7.  Occurrence of antimicrobial resistance among bacterial pathogens and indicator bacteria in pigs in different European countries from year 2002 – 2004: the ARBAO-II study 
The project "Antibiotic resistance in bacteria of animal origin – II" (ARBAO-II) was funded by the European Union (FAIR5-QLK2-2002-01146) for the period 2003–05. The aim of this project was to establish a program for the continuous monitoring of antimicrobial susceptibility of pathogenic and indicator bacteria from food animals using validated and harmonised methodologies. In this report the first data on the occurrence of antimicrobial resistance among bacteria causing infections in pigs are reported.
Susceptibility data from 17,642 isolates of pathogens and indicator bacteria including Actinobacillus pleuropneumoniae, Streptococcus suis and Escherichia coli isolated from pigs were collected from fifteen European countries in 2002–2004.
Data for A. pleuropneumoniae from infected pigs were submitted from five countries. Most of the isolates from Denmark were susceptible to all drugs tested with the exceptions of a low frequency of resistance to tetracycline and trimethoprim – sulphonamide.
Data for S. suis were obtained from six countries. In general, a high level of resistance to tetracycline (48.0 – 92.0%) and erythromycin (29.1 – 75.0%) was observed in all countries whereas the level of resistance to ciprofloxacin and penicillin differed between the reporting countries. Isolates from England (and Wales), France and The Netherlands were all susceptible to penicillin. In contrast the proportion of strains resistant to ciprofloxacin ranged from 12.6 to 79.0% (2004) and to penicillin from 8.1 – 13.0% (2004) in Poland and Portugal.
Data for E. coli from infected and healthy pigs were obtained from eleven countries. The data reveal a high level of resistance to tetracyclines, streptomycin and ampicillin among infected pigs whereas in healthy pigs the frequency of resistance was lower.
Bacterial resistance to some antimicrobials was frequent with different levels of resistance being observed to several antimicrobial agents in different countries. The occurrence of resistance varied distinctly between isolates from healthy and diseased pigs, with the isolates from healthy pigs generally showing a lower level of resistance than those from diseased pigs.
The study suggests that the choice of antimicrobials used for the treatment of diseased animals should preferably be based on knowledge of the local pattern of resistance.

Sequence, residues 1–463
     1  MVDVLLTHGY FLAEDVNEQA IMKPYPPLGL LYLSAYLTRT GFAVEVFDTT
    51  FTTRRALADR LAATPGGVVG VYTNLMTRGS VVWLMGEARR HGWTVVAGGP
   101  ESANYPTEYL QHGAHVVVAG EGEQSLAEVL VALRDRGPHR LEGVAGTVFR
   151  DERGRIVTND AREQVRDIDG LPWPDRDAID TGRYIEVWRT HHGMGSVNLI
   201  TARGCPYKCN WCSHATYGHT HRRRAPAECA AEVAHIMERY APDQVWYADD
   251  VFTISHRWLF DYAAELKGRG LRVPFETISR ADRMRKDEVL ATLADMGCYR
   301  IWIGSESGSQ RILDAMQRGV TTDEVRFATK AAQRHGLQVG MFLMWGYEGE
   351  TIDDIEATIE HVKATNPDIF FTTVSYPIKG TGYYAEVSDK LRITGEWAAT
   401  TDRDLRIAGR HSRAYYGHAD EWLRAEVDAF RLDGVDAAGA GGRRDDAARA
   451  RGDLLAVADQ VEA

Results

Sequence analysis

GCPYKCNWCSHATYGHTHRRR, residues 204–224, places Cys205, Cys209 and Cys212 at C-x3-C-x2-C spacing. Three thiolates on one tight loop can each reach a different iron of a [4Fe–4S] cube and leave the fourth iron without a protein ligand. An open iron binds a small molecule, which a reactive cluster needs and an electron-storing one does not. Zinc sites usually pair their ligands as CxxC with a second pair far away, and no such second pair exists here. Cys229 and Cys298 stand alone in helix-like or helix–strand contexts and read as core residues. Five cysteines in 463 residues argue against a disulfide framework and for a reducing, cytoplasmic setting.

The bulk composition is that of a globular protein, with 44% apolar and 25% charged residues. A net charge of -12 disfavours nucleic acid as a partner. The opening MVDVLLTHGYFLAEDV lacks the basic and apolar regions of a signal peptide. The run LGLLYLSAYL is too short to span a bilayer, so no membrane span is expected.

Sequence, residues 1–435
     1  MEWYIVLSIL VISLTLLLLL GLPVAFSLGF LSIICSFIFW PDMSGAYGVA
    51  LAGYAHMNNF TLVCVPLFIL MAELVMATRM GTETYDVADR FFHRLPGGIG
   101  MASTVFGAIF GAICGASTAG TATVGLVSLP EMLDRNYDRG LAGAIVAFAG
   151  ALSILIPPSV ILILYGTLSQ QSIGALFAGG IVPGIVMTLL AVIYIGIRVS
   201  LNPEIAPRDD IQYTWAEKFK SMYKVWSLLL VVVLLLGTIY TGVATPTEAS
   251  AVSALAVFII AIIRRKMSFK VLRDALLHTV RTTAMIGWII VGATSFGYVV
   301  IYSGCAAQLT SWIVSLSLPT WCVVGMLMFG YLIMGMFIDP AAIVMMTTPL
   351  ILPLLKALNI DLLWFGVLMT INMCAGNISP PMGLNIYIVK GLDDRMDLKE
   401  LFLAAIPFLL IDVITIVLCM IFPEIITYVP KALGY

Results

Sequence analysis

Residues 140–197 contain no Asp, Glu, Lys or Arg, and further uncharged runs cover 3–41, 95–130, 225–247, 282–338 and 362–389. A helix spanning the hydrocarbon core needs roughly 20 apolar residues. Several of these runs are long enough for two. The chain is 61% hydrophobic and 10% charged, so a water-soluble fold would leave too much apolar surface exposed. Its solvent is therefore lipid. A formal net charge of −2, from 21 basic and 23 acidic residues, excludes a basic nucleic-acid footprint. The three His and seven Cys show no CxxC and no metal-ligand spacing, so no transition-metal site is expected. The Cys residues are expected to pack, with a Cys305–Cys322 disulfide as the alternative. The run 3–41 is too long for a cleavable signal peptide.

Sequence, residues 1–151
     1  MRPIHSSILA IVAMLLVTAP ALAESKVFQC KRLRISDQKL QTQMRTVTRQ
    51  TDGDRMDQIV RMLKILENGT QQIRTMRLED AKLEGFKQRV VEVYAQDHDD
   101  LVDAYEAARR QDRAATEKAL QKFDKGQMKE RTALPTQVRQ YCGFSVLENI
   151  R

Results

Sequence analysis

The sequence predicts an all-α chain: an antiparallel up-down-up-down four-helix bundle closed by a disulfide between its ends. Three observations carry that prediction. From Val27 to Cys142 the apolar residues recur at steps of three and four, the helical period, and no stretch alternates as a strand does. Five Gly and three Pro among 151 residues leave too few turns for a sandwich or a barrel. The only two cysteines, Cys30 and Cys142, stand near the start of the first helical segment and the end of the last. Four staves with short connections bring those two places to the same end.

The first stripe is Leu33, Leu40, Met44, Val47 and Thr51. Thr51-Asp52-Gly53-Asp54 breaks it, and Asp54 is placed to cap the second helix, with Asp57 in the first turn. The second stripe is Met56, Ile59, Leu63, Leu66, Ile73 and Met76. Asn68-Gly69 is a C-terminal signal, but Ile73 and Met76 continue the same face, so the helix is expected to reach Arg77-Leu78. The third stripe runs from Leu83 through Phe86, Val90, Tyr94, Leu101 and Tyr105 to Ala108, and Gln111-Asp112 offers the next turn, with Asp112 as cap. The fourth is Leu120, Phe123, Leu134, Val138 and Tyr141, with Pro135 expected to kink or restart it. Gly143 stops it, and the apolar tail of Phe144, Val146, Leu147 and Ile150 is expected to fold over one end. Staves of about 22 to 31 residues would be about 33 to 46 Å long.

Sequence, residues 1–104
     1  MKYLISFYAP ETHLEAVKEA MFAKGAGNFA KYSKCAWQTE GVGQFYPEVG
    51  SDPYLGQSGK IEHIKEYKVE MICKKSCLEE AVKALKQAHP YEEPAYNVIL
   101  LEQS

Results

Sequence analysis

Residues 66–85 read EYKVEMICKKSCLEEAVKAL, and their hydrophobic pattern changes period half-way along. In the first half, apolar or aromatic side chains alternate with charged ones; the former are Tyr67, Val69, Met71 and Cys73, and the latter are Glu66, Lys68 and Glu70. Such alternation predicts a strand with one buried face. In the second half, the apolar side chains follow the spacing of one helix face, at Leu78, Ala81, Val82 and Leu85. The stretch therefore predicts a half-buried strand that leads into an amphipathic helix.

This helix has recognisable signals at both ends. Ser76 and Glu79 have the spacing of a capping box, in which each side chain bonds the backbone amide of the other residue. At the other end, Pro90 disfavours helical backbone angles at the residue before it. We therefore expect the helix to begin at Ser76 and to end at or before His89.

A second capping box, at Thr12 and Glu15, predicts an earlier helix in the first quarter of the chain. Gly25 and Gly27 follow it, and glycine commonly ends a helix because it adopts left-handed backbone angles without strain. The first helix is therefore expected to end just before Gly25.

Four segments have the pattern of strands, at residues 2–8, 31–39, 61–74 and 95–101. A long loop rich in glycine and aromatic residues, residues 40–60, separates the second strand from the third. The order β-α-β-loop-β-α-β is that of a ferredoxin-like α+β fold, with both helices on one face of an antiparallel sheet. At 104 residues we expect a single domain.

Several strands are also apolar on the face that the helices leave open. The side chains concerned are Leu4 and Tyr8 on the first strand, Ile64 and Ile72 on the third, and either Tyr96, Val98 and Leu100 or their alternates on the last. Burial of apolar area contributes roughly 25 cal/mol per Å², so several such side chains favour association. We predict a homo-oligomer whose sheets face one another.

PMCID: PMC2459172  PMID: 18554407
8.  Salmonella Gene rma (ramA) and Multiple-Drug-Resistant Salmonella enterica Serovar Typhimurium 
MarA and its homologue, RamA, have been implicated in multidrug resistance (MDR). RamA overexpression in Salmonella enterica serovar Typhimurium and Escherichia coli conferred MDR independently of marA. Inactivation of ramA did not affect the antibiotic susceptibilities of wild-type S. enterica serovar Typhimurium or 15 unrelated clinical MDR isolates. Thus, ramA overexpression is not a common MDR mechanism in Salmonella.
PMCID: PMC415616  PMID: 15155237
9.  Molecular Diversity and Evolutionary Relationships of Tn1546-Like Elements in Enterococci from Humans and Animals 
We report on a detailed study on the molecular diversity and evolutionary relationships of Tn1546-like elements in vancomycin-resistant enterococci (VRE) from humans and animals. Restriction fragment length polymorphism (RFLP) analysis of the VanA transposon of 97 VRE revealed seven different Tn1546 types. Subsequent sequencing of the complete VanA transposons of 13 VRE isolates representing the seven RFLP types followed by sequencing of the identified polymorphic regions in 84 other VanA transposons resulted in the identification of 22 different Tn1546 derivatives. Differences between the Tn1546 types included point mutations in orf1, vanS, vanA, vanX, and vanY. Moreover, insertions of an IS1216V-IS3-like element in orf1, of IS1251 in the vanS-vanH intergenic region, and of IS1216V in the vanX-vanY intergenic region were found. The presence of insertion sequence elements was often associated with deletions in Tn1546. Identical Tn1546 types were found among isolates from humans and farm animals in The Netherlands, suggesting the sharing of a common vancomycin resistance gene pool. Application of the genetic analysis of Tn1546 to VRE isolates causing infections in hospitals in Oxford, United Kingdom, and Chicago, Ill., suggested the possibility of the horizontal transmission of the vancomycin resistance transposon. The genetic diversity in Tn1546 combined with epidemiological data suggest that the DNA polymorphism among Tn1546 variants can successfully be exploited for the tracing of the routes of transmission of vancomycin resistance genes.
PMCID: PMC89148  PMID: 10049255

Results 1-9 (9)